Last edited: Sep 12, 2004
  4. Sep 12, 2004 #3

    Monique

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    Intelligence is such an unclear term to define, especially across species. There is a term called encephalization quotient: a number reflecting the increase in brain size over and beyond that explainable by an increase in body size.
     
  5. Sep 12, 2004 #4
    Mental ability hard or easy to generally define across species

    Mental ability seems to be clearly definable across species:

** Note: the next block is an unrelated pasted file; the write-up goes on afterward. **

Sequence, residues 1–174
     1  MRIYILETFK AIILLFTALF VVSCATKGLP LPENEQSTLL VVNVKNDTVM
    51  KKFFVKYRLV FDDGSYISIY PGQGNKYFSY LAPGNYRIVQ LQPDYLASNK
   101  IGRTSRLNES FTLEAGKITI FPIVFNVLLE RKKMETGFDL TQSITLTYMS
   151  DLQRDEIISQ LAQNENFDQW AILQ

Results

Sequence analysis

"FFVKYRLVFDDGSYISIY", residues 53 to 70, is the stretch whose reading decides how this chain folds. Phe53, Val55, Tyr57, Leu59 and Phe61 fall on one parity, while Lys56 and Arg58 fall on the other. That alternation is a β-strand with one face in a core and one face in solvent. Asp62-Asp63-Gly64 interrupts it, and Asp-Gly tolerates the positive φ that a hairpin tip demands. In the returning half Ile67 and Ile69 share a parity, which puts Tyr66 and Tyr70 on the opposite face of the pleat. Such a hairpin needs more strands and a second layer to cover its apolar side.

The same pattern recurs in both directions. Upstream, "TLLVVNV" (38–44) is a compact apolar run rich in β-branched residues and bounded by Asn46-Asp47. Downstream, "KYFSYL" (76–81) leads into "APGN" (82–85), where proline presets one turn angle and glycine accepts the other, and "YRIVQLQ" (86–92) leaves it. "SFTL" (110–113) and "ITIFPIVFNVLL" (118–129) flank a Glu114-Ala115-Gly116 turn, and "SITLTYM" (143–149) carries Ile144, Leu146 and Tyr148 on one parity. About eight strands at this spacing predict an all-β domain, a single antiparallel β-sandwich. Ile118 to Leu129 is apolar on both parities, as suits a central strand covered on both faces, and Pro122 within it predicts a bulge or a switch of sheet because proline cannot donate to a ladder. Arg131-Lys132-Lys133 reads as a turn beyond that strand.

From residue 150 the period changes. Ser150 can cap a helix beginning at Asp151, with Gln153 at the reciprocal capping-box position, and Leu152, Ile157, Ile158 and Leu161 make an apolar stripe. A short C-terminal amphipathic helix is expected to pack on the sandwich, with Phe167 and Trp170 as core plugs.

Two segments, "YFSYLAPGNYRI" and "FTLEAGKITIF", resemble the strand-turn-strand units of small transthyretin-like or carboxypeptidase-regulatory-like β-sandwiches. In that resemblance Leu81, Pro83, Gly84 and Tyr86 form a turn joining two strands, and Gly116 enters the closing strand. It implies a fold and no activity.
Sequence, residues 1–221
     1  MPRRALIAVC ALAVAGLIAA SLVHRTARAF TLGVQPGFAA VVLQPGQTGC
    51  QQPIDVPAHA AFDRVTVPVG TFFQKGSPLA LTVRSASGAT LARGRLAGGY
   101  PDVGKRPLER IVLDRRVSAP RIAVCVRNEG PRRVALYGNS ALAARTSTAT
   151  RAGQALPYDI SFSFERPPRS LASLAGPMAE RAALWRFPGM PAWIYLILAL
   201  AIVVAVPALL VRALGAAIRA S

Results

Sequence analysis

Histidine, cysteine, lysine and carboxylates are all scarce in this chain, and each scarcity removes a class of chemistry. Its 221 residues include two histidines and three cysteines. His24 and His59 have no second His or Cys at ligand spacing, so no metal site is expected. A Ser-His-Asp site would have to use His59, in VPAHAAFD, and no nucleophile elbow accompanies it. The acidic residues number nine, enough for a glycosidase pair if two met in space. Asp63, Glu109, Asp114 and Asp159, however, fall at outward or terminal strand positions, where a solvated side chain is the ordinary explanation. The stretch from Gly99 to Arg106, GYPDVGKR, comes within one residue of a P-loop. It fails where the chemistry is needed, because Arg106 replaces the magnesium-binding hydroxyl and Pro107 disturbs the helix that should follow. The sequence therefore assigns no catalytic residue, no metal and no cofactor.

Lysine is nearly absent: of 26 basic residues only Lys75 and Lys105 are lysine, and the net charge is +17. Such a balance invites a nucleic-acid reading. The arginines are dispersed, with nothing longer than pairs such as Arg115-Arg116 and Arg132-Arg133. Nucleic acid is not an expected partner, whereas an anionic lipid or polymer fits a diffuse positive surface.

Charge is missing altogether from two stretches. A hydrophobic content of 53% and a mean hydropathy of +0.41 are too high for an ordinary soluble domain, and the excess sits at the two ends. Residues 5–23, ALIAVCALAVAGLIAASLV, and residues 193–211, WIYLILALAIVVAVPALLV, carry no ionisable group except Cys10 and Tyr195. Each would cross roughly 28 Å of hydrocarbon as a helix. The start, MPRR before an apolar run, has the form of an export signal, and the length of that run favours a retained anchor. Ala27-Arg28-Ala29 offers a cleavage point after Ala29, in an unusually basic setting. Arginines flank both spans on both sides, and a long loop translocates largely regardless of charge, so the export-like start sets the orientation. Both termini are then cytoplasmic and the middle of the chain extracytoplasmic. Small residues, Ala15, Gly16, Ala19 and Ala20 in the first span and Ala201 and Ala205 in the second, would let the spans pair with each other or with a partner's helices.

• Item Performance (IP). This term, henceforth abbreviated IP, refers to any distinct voluntary behavioral act. It can be any such overt action provided it is also observable or recordable in some way. Saying (or writing) "four" (or any other response) to the question "what is two plus two?", if the response can be agreed upon by observers, is an IP. Doing a triple axel, writing one's name, hitting middle C on the piano, performing the Tchaikovsky violin concerto, solving (or failing) an attempted math problem, jumping over a two-foot hurdle, cutting an apple in half, hitting a baseball into left field, and parking parallel-these are all IPs. An IP may be a discretely classifiable act (e.g., either hitting or missing a target) or some action that can be graded on a continuum (e.g., speed of response to a signal, time taken to complete a task, distance run in a given time). The universe of possible IPs is obviously unlimited. The definition of IP also includes, of course, a voluntary response to an item in any kind of test or to any laboratory procedure that measures, for example, reaction time, sensory threshold, speed of rote learning, or memory span.